1. Reducing heating and cooling needs for buildings. By acting as a heat sink during the day and a heat source at night, green walls reduce building energy demands. The EPA estimates the buildings account for 36% of total energy use and 30% of greenhouse gas emissions in the United States.
  2. Reducing polluted stormwater runoff. Water harvesting systems divert rainwater from building roofs that would otherwise either go to a water treatment facility or carry pollutants directly into water bodies.
  3. Conserving potable water. By relying on rainwater inputs, the water harvesting system significantly reduces the need to irrigate the green wall with potable water. Irrigation currently accounts for the majority of potable water usage in the United States.
  4. Enhancing urban biodiversity. The green wall provides important habitat and foraging opportunities for birds and insects.


February 2014: 

  • Establish Research Protocols
  • Order monitoring equipment (video camera, thermal sensors)
  • Literature Review

March 2014: 

  • Use installed irrigation monitoring equipment to begin assessment of water usage after final calibration of water harvesting system
  • Set up additional monitoring equipment (thermal sensors, video camera)
  • Solicit and train volunteers for observational biodiversity monitoring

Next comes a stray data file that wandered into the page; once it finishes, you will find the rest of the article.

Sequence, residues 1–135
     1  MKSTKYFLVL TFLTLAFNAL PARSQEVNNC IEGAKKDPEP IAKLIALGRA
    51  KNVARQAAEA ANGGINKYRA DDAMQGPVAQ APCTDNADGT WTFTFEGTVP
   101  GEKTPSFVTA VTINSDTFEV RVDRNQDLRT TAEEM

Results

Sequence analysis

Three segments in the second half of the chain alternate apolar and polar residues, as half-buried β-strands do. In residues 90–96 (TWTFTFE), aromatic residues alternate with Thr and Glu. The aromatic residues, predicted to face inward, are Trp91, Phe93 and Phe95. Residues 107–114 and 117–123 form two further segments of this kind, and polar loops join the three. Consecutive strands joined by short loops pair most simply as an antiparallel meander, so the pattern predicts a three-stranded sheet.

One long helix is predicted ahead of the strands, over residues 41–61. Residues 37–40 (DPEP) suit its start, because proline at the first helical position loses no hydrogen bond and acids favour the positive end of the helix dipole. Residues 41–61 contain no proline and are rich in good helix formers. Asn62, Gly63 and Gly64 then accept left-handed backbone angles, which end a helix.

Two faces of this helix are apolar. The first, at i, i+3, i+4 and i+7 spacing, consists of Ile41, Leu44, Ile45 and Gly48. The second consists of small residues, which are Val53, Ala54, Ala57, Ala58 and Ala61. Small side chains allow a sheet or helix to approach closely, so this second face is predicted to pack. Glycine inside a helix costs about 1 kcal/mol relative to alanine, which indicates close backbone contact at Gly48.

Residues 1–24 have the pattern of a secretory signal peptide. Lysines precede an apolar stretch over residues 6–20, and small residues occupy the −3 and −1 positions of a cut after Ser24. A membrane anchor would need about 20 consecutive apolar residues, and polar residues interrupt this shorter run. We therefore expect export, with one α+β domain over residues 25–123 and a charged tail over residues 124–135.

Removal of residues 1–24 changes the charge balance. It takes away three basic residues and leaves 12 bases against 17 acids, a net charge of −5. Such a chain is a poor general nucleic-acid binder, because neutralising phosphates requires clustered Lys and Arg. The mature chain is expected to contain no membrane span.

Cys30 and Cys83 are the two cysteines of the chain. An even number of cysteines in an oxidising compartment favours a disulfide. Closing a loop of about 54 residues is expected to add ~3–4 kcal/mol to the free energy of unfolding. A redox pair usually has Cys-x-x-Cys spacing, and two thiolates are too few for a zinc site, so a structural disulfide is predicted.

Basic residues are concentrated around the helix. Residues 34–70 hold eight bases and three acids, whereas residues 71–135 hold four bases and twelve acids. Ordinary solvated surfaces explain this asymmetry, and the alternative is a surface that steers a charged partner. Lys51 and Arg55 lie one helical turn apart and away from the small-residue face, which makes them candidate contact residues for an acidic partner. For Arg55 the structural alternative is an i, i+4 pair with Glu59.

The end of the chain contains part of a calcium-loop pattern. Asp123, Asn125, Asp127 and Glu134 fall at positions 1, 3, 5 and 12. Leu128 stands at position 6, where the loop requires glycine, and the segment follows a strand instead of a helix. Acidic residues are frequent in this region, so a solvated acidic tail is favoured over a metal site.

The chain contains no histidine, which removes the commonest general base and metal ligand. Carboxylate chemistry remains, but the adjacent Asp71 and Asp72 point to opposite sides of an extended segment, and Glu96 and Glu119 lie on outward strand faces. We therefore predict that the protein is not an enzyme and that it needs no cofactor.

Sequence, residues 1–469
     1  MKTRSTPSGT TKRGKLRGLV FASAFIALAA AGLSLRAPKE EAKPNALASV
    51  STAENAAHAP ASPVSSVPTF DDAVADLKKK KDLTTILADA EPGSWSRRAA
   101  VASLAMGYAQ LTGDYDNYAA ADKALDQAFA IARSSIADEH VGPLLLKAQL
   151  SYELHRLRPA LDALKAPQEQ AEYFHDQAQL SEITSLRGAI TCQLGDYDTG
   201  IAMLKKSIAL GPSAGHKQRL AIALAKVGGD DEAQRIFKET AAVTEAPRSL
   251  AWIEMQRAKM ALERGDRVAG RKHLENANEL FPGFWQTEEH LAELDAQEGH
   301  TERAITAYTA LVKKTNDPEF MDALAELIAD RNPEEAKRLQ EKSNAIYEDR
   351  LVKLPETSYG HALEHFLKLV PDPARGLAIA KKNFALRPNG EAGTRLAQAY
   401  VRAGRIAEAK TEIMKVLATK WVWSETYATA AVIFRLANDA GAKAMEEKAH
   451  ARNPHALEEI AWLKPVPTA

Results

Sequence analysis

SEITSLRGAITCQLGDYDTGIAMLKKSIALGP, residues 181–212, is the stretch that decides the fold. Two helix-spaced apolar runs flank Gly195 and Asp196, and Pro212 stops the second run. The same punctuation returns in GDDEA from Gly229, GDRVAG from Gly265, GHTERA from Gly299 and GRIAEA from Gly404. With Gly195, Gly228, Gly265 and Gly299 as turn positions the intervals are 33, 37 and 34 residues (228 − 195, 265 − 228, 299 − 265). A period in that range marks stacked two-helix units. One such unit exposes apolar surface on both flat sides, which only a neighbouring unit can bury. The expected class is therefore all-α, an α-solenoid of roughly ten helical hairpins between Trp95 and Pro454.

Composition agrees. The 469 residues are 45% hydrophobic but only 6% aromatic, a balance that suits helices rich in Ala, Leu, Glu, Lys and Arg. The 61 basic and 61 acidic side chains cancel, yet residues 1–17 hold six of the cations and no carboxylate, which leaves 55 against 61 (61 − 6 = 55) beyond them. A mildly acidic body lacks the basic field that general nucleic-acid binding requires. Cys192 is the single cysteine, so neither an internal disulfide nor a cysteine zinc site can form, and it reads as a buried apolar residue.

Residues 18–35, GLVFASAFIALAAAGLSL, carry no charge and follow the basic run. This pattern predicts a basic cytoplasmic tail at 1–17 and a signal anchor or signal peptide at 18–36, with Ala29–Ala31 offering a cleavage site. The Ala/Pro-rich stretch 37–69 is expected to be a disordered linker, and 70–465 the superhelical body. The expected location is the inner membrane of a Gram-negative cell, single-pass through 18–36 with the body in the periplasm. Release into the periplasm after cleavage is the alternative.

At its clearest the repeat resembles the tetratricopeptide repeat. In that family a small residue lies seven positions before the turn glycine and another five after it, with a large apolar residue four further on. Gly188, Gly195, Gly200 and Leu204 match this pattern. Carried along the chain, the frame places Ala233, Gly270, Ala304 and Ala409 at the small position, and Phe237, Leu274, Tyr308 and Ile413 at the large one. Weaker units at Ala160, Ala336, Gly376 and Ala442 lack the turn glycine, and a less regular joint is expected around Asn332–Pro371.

• Continue Literature Review

April - October 2014

  •  Set up website with real-time monitoring results and video stream
  •  Continue data recording and analysis based off of:
    •  water usage
    •  thermal monitors
    •  video feeds
    •  biodiversity assessments (plants, insects, and birds)
  •  Design and install interpretive signage with QR code linking to website (CSF funding request)
  •  Encourage UW and outside media to publicize research
  •  Continue Literature Review, compile into written document
  •  Regularly collate and review results, adjust monitoring protocols as necessary

November-December 2014:

  • Collate, review and interpret data
  • Write journal paper(s) and submit to journals such as:
    • Urban Forestry and Urban Greening (Elsevier)
    • Conservation Biology (Society for Conservation Biology)
    • Solutions Journal
    • Ecological Applications
    • International Journal of Environmental, Cultural, Economic and Social Sustainability
    • Landscape and Urban Planning
    • Urban Ecosystems
    • Urban Environment & Urban Ecology
    • International Journal of Climate Change
    • Journal of the Built Environment

 January / Winter 2014:

  •  Review program, Report to Green Seed Fund
  •  Present to Administration
Primary Faculty:
Nancy  Rottle
Primary Staff:
Meegan Amen
Primary Student:
Leann Andrews

This project was funded during the 2013-2014 academic year.